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Breathing Space and Possession Orders – rent arrears classed as problem debt
The Debt Respite Scheme (Breathing Space Moratorium and Mental Health Crisis Moratorium) (England and Wales) Regulations 2020, which comes in to force on 4 May 2021, is part of the Government’s coronavirus measures.
The purpose of the scheme is to give debtors with problem debt some “breathing space” from legal action and some protection against their creditors. Significantly, rent arrears are included under the definition of problem debt.
There are two types of breathing space, a standard version and a mental health crisis version. Whilst both give the same protection to debtors, they are slightly different in the length of time for which they can continue.
The scheme is open to individuals who are required to make an application through a debt advice provider authorised by the Financial Conduct Authority to offer debt counselling, or a local authority if they provide debt advice to residents. The debt advice provider is responsible for the administration of a breathing space and is the point of contact for the debtor, their creditors, and the Insolvency Service. The Insolvency Service will maintain the electronic service that debt advisors must use to start the breathing space process, and they will send notifications to creditors during that period.
It is the responsibly of the debt advisor to assess whether the debtor is eligible for a mental health crisis breathing space, but anyone who cannot access one, or is unlikely to be able to repay their debt, can apply for a standard breathing space. A debt advisor may decide that a breathing space is not appropriate if a debtor:
- can access funds or income, or
- can pay their debts with some budgeting help, or
- has assets that can be easily sold to clear the debt, or
- can enter a more suitable debt solution immediately.
The debtor must prove their debt and they cannot have entered into a breathing space in the last 12 months.
If a debtor is applying for a mental health crisis breathing space, they must also be receiving mental health crisis treatment at the time that an application is made. A debtor who has had a standard or mental health crisis breathing space in the last 12 months may be eligible for a mental health crisis breathing space. There is no limit to how many times a debtor can enter a mental health breathing space.
A breathing space will start on the day after the debtor’s details are added to the breathing space register and, as a creditor, you will receive a notification telling you the start date and details of your debt. When you get the notification, check your records to make sure that the arrears have been recorded correctly by the debt advisor and if there are any errors you should contact the advisor immediately.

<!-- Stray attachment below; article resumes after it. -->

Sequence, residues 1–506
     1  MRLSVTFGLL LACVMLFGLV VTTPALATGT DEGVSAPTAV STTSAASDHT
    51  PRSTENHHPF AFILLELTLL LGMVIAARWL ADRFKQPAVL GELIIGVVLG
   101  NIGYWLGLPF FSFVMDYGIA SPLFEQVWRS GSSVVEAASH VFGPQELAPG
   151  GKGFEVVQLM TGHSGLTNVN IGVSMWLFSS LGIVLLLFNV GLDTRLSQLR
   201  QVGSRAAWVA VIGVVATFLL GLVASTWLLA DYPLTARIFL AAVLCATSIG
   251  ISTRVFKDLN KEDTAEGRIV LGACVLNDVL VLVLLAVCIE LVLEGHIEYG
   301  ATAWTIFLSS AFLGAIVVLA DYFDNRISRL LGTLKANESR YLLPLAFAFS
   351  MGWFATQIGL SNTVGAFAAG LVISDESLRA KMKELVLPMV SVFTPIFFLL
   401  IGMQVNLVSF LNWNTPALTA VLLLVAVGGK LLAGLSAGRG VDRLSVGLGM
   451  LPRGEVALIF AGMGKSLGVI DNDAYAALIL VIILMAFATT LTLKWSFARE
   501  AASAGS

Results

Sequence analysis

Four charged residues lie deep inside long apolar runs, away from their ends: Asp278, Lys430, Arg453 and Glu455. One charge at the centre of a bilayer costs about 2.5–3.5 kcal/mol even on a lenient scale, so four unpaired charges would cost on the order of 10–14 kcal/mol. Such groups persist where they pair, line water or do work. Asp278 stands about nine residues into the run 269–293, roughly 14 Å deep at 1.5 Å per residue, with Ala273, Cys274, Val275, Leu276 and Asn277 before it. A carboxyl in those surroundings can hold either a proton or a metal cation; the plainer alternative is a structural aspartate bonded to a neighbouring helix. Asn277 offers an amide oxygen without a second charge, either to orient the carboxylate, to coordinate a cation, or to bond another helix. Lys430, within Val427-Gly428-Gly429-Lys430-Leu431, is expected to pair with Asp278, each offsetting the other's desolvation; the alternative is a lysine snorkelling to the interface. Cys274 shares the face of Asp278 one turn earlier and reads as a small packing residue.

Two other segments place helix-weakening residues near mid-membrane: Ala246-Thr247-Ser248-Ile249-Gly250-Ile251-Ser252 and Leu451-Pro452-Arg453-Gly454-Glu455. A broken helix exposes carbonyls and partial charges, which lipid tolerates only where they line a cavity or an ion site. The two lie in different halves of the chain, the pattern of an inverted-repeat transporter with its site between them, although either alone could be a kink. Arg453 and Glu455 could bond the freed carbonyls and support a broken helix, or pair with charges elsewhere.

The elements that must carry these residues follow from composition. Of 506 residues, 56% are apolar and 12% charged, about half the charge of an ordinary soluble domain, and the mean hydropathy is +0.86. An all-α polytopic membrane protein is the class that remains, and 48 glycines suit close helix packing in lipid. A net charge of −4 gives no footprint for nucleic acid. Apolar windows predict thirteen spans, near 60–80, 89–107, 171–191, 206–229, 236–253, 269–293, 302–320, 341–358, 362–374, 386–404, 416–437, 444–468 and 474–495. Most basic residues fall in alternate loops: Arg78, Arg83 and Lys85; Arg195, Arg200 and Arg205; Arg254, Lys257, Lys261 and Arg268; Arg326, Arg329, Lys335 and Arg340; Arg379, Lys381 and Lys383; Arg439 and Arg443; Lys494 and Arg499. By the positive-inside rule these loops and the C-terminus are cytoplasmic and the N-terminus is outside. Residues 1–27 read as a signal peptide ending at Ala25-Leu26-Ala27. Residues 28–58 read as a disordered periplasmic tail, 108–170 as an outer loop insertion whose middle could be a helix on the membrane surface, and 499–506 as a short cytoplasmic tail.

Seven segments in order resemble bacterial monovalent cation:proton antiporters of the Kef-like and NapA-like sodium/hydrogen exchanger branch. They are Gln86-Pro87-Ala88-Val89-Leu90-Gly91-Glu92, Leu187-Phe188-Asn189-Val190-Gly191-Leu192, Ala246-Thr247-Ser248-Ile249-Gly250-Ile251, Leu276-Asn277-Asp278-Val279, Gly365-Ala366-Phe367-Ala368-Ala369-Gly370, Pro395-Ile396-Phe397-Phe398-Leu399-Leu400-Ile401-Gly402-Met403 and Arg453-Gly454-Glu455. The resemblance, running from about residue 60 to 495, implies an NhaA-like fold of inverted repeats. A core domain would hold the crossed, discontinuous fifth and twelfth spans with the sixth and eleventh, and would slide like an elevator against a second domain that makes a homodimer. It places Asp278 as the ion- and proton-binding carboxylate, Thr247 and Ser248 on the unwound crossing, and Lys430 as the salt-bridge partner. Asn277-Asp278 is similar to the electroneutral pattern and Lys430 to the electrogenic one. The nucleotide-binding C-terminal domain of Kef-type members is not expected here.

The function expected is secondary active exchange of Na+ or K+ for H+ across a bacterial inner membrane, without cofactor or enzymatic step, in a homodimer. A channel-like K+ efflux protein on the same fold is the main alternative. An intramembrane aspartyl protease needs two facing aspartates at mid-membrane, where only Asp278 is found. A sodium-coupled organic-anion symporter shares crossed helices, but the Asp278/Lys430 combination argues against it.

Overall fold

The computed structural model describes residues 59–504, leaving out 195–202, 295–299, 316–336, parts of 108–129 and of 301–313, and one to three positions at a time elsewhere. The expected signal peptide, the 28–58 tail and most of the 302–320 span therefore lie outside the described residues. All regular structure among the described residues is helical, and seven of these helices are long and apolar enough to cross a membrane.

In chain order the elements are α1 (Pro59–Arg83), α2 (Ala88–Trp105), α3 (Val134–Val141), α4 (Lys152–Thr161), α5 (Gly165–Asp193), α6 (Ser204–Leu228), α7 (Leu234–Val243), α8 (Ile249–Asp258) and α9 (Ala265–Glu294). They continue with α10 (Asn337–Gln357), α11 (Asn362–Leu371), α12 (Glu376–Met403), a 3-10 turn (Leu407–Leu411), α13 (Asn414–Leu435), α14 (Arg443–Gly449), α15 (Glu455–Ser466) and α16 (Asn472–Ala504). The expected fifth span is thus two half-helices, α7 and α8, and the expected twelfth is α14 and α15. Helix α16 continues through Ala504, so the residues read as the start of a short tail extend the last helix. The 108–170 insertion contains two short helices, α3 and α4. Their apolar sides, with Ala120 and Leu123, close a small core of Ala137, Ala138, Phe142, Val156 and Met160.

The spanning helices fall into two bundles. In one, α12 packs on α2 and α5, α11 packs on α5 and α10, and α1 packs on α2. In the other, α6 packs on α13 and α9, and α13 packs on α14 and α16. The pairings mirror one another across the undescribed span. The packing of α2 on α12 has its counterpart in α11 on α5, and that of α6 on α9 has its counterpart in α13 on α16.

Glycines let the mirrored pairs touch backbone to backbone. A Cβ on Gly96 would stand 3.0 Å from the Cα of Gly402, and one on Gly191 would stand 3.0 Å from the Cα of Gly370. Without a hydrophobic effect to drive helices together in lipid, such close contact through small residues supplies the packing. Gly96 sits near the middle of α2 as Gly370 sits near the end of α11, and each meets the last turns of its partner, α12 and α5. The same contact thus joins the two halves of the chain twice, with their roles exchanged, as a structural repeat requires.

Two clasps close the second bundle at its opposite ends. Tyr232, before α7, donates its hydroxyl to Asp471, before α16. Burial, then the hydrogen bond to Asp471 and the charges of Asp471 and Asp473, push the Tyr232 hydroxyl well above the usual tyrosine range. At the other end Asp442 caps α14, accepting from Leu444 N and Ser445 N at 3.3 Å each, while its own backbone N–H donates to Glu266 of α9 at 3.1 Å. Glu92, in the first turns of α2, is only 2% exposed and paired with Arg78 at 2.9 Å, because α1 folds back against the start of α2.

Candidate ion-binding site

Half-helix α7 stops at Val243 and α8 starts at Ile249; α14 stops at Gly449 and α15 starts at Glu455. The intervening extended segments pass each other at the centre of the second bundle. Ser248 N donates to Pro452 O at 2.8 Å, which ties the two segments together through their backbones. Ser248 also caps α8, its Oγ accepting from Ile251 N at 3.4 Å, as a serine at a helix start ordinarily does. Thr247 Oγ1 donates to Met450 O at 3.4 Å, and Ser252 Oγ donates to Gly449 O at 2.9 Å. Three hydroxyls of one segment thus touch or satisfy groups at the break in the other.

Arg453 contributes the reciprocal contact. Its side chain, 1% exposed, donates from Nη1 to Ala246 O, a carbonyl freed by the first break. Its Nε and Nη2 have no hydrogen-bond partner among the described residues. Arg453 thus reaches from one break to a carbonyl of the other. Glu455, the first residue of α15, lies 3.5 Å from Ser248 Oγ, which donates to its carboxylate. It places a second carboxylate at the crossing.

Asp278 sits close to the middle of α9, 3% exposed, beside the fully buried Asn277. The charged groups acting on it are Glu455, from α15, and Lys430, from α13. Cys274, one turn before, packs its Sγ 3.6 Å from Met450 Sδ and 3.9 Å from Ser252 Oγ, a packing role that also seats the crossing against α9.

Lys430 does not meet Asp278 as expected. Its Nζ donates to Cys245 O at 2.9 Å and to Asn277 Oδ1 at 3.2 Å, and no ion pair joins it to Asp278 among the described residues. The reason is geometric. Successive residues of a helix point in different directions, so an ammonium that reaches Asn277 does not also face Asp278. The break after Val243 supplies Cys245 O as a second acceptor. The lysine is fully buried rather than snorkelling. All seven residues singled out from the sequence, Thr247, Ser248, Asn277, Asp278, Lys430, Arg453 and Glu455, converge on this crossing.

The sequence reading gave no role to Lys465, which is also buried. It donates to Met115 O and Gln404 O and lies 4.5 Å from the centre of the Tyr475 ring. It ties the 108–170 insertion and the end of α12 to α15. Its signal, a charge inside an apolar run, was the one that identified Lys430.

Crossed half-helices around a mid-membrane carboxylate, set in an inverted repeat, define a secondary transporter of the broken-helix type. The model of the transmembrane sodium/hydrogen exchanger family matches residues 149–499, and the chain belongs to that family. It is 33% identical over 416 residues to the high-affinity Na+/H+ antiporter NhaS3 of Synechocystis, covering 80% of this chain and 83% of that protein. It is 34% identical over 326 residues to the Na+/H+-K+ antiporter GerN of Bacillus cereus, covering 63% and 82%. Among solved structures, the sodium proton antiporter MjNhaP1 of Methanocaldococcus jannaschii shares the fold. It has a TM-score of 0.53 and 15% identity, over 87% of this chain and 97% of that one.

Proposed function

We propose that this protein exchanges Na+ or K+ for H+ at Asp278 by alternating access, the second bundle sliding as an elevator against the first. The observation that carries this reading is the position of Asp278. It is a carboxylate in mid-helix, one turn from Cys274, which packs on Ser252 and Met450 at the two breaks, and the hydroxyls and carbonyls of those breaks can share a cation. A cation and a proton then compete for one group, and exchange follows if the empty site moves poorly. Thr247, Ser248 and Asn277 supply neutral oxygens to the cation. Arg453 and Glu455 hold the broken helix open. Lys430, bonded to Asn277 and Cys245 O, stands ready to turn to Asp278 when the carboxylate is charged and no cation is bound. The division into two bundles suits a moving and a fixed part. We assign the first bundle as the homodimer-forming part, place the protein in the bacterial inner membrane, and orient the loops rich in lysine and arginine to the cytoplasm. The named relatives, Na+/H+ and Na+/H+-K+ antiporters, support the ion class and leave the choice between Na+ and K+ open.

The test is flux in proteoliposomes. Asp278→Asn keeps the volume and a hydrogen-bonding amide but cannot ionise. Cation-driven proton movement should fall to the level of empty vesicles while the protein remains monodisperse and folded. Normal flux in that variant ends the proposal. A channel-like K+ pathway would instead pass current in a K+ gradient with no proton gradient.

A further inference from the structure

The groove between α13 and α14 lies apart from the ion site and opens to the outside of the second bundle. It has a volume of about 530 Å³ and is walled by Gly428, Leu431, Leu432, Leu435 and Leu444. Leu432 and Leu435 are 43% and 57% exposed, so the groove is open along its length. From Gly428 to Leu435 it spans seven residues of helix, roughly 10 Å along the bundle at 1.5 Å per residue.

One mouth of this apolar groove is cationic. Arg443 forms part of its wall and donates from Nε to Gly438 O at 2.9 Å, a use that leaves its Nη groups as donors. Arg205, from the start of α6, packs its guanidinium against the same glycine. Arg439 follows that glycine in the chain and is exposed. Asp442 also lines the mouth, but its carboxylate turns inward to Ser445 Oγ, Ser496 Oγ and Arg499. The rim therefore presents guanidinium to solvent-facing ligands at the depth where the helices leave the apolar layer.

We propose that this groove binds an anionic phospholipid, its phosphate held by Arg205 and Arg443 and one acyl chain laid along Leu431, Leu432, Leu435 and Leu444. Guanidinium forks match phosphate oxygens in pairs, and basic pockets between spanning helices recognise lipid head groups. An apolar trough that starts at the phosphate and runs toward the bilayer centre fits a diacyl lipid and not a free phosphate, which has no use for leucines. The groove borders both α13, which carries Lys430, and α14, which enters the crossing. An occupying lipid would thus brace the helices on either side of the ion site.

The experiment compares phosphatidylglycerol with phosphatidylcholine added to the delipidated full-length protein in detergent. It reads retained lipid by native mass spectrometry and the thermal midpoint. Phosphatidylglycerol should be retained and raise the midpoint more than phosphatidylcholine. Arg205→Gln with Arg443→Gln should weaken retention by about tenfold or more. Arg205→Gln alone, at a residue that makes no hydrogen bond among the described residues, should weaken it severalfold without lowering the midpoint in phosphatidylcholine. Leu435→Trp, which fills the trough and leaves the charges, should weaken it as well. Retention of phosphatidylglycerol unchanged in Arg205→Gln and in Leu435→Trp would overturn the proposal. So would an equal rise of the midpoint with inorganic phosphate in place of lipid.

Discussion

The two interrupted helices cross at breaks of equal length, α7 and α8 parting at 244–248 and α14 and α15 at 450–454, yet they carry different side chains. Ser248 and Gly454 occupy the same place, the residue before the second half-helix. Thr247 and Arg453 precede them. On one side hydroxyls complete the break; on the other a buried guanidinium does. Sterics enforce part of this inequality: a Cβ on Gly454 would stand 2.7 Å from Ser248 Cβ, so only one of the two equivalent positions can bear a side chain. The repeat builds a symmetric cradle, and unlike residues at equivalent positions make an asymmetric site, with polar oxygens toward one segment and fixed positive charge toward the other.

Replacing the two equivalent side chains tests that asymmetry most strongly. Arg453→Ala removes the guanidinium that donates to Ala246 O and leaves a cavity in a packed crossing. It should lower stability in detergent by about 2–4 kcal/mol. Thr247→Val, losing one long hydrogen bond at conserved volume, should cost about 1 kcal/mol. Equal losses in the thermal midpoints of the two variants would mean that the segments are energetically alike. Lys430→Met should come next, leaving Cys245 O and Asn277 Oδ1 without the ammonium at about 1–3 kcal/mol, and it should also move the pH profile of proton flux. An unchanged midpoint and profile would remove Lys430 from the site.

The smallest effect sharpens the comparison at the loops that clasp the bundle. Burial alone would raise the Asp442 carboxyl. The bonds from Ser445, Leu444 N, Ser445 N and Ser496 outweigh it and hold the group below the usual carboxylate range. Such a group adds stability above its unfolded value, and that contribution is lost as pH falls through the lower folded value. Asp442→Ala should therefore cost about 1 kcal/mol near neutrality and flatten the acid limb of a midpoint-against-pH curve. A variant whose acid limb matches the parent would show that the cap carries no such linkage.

During the breathing space you are not able to contact the debtor to discuss the arrears and you cannot serve a notice of seeking possession based on rent arrears.
If you have already issued possession proceedings, the claim will continue but you will not be able to enforce any order that is made by applying for a bailiff warrant, and any application for a warrant that you may have made prior to the commencement of the breathing space will be stayed.
Contractual rent will be payable throughout the period of the breathing space. This is not a payment holiday but if you are receiving direct payments from a tenant’s universal credit payments, you will need to contact the DWP as it is likely that the direct payments will stop because the regulations state that you cannot receive third party payments. You can contact the tenant during the breathing space but not about the arrears.
There is nothing to stop you sending your rent statements to tenants or the annual rent review notices as usual, but you should review your standard correspondence to make sure that you are not referring to the rent arrears in the correspondence. If you are thinking of serving notice of seeking possession then you must, of course, still follow the pre action protocol. However, during the breathing space, you should amend your correspondence so that you are not asking for the outstanding arrears.
The breathing space does not go on indefinitely. A standard breathing space lasts for 60 days and the debt advisor must carry out a review at the mid-way point to check that the debtor is complying with their obligations under the breathing space. If they are not, they will run the risk of the arrangement being cancelled.
A mental health crisis breathing space lasts for the same length of time as the treatment plus a further 30 days. Any ongoing treatment must be confirmed every 20 to 30 days by a mental health professional.